Cyburbia and Dis/Embodied Subjects (1): "It is important to distinguish between the cybersubject as a figure produced by current thought about cyberspace and the actual people who enter cyberspace everyday. . . . Cyberspace is built for [the] unified subject, but inhabited by a happily chaotic range of subjectivities" (Cameron Bailey, "Virtual Skin" 36).
Cyburbia and Time (2): "Cyberspace represents a quantum leap forward into the technological construction of vision. . . . Reduced to a point, the point of view is abstracted into a purely temporal entity with no spatial extension; metaphorized into an interactive space, the data space is narrativized by the pov's movement through it" (N. Katherine Hayles 83-84).
Cyburbia and Community (3): "A question that VR poses, in its full positivity, is where to locate the community. Because we are vanishing. In the absence of the polis, something like VR obligates us to pose ethical questions about contact. . . . Can there be an atopicality of the community that nonetheless gathers, a community going nowhere, but ecstatic, a community of shattered egos, where the control towers come tumbling down, and where the other is genuinely anticipated?" (Avital Ronell 126).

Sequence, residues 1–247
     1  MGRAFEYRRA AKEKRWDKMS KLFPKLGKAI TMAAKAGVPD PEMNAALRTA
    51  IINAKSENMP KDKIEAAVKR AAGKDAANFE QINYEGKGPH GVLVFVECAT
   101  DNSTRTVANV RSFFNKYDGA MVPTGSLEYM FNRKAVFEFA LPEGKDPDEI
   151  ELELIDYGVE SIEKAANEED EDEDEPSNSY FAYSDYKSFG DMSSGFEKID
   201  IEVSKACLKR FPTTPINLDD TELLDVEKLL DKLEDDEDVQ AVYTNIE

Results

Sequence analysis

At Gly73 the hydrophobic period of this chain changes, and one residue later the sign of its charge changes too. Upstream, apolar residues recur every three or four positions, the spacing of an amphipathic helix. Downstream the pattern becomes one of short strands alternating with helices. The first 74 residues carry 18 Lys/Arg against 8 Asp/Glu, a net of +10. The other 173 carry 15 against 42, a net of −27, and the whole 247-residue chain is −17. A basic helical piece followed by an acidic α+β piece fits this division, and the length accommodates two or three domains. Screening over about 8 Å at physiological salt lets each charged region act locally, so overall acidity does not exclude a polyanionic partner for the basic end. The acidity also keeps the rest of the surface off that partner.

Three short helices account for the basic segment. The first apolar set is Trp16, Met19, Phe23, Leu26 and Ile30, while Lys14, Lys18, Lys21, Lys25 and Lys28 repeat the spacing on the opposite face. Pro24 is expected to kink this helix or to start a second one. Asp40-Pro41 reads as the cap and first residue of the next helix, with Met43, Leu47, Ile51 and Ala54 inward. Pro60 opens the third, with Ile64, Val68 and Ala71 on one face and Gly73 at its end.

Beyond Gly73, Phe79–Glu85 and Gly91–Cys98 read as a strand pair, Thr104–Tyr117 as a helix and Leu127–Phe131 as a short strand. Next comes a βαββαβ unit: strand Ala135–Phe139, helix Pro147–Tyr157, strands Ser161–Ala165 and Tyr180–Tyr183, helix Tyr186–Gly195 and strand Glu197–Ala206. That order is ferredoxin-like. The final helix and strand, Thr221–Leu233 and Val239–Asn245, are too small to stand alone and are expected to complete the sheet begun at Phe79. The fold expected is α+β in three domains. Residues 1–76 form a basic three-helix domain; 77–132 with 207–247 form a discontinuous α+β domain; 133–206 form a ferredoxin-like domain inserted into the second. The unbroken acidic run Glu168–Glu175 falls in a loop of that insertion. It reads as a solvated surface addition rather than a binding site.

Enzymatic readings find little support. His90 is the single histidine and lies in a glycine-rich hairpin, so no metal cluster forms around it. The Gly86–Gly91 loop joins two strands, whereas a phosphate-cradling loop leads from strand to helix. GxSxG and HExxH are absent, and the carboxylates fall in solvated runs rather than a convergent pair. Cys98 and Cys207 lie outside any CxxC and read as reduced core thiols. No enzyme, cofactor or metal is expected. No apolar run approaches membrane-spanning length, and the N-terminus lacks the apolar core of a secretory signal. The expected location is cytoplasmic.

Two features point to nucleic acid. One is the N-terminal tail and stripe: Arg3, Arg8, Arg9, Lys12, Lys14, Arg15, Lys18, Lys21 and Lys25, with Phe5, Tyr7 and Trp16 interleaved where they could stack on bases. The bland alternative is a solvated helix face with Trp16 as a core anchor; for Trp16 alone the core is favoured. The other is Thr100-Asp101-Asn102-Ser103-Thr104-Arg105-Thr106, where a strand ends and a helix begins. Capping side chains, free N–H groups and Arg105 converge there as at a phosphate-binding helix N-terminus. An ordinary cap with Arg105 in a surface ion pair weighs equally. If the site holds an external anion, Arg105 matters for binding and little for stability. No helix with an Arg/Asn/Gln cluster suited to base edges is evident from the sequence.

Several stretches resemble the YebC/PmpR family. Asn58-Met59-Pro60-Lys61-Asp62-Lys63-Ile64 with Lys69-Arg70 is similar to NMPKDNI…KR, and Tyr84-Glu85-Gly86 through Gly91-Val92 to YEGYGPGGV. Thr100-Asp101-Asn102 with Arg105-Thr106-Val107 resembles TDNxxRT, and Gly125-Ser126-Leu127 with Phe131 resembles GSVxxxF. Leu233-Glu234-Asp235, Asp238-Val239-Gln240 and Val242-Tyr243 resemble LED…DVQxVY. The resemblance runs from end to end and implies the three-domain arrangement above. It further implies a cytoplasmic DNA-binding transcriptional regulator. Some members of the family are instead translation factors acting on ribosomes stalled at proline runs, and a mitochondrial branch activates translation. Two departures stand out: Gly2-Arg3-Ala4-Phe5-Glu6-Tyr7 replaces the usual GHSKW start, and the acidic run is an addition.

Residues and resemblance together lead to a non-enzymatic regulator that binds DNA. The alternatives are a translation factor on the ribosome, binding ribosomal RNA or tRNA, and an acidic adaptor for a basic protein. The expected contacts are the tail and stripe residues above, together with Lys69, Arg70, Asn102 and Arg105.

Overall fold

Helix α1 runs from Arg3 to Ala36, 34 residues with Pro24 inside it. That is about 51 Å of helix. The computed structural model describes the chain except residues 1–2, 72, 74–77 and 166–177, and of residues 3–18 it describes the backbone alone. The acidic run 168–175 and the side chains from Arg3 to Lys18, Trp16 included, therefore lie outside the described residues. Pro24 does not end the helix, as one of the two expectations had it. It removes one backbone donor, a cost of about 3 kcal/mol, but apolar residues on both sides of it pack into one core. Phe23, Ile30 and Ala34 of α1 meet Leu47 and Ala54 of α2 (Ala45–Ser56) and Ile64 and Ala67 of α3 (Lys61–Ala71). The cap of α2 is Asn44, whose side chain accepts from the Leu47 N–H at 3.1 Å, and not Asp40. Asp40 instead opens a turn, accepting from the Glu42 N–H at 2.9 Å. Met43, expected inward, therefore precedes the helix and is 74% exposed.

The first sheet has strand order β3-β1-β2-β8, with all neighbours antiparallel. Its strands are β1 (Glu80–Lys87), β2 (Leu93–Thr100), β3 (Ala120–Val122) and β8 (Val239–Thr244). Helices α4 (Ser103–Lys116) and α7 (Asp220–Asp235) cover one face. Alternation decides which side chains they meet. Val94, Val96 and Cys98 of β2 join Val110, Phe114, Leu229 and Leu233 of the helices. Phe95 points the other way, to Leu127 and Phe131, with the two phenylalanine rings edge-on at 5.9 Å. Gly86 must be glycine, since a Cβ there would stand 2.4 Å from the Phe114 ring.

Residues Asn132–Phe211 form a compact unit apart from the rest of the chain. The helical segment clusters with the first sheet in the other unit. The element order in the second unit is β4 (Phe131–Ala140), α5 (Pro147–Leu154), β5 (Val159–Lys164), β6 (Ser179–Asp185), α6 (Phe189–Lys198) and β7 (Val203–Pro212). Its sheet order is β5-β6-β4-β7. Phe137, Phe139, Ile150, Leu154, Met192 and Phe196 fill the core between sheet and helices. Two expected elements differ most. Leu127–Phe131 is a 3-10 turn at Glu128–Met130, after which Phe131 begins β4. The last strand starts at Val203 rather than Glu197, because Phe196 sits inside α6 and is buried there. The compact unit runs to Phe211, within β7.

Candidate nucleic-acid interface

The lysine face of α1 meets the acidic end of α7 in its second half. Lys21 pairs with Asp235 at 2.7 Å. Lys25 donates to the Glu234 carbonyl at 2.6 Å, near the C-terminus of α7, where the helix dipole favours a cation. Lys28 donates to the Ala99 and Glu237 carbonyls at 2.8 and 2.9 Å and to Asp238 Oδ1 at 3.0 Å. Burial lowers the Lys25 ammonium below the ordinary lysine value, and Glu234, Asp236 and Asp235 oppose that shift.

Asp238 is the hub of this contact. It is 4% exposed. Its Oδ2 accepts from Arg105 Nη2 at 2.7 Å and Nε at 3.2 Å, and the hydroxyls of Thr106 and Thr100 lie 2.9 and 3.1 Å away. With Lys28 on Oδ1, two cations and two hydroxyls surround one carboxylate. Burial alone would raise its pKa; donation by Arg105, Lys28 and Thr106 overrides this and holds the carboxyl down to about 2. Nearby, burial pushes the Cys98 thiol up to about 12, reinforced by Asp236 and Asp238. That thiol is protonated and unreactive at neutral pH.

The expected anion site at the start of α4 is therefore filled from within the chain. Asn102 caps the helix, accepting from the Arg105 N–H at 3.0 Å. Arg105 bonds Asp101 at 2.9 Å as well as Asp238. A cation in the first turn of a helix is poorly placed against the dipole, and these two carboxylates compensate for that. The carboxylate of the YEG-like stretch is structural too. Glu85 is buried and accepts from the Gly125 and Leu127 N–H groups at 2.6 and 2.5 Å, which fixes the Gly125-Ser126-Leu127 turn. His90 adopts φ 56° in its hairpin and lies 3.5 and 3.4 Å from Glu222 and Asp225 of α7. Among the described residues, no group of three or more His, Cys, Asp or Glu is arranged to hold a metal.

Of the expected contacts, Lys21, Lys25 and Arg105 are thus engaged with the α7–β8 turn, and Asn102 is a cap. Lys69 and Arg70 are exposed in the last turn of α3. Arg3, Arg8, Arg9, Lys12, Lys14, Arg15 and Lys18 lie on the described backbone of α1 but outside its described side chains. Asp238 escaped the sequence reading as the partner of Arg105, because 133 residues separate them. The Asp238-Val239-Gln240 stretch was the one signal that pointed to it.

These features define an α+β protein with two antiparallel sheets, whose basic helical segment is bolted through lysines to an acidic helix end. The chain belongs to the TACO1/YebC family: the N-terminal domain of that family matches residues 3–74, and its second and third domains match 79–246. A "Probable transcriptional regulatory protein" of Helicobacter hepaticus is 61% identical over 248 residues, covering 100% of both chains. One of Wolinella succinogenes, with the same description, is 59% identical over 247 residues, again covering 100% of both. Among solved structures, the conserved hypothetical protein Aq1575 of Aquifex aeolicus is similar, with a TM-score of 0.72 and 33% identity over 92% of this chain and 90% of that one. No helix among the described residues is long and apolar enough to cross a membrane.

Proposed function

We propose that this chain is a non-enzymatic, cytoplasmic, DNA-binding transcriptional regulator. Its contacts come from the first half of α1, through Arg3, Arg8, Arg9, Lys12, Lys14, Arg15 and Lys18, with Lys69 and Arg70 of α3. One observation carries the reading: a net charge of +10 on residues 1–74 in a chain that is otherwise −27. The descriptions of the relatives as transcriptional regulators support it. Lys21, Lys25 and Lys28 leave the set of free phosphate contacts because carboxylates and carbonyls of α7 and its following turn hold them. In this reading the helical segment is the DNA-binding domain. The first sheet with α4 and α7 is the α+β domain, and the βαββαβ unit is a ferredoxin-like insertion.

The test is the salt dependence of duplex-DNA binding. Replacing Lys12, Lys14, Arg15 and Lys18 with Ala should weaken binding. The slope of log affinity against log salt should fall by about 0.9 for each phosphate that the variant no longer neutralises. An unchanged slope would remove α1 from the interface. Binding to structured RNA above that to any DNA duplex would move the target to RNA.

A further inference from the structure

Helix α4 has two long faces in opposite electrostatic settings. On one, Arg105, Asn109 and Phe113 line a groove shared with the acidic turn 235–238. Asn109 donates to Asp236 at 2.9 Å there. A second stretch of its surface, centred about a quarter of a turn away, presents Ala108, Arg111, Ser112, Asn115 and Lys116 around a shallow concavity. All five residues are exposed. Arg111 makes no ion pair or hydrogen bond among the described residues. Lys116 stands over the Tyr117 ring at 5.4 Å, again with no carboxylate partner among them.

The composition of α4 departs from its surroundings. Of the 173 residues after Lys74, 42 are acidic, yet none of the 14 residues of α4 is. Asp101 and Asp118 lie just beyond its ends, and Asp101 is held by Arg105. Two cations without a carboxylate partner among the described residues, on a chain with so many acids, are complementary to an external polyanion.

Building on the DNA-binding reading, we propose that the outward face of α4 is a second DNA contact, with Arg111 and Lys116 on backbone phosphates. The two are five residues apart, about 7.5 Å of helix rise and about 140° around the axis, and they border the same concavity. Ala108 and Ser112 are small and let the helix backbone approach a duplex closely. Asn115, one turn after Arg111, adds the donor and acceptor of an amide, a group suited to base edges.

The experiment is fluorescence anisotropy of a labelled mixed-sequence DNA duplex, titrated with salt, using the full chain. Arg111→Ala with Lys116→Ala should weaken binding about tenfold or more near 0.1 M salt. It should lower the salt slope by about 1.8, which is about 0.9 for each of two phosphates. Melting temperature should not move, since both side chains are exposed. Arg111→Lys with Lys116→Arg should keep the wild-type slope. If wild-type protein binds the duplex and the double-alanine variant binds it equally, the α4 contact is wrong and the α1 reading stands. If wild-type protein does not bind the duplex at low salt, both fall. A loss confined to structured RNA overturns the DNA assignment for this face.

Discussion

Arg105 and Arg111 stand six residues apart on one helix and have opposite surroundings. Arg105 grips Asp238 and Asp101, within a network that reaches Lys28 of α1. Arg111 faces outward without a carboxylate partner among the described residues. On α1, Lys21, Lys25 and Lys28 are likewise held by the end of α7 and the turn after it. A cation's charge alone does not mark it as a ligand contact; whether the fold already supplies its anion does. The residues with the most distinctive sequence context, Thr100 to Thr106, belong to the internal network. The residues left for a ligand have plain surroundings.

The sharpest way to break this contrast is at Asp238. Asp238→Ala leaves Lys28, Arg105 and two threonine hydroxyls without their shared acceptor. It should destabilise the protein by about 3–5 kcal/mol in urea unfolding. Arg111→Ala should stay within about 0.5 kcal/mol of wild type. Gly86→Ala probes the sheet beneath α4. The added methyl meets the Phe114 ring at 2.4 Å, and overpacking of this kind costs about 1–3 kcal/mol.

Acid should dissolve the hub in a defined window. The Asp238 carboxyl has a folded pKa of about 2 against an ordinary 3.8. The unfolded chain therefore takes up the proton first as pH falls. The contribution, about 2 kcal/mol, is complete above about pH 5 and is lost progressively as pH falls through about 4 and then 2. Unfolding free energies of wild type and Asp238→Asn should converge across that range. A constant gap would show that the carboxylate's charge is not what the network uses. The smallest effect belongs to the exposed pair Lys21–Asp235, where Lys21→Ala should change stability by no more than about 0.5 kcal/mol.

Virtual Prophecy and Dis/Embodied Subjects (1): "Accordingly, if one belongs to Christ, then one participates in the allegorical meaning of the promise to the 'seed,' an allegorical meaning of genealogy already hinted at in the biblical text itself, when it said that in 'Abraham all nations would be blessed,' and even more when it interpreted his names as 'Father to many nations.' The individual body itself is replaced by its allegorical reference, the body of Christ of which all the baptized are part. This is what the 'putting on' of Christ means, which is certainly a reference to the topos of the body as a garment. . ." (Daniel Boyarin, A Radical Jew: Paul and the Politics of Identity 23).
Virtual Prophecy and Time (2): Readers from Luther to Nietzsche to Albert Schweitzer have observed that Pauline theology does not invoke the law. For this reason, Pauline prophecy is not spatial but temporal. It does not bring the law from the wilderness back into civilization--orienting us within a communal space.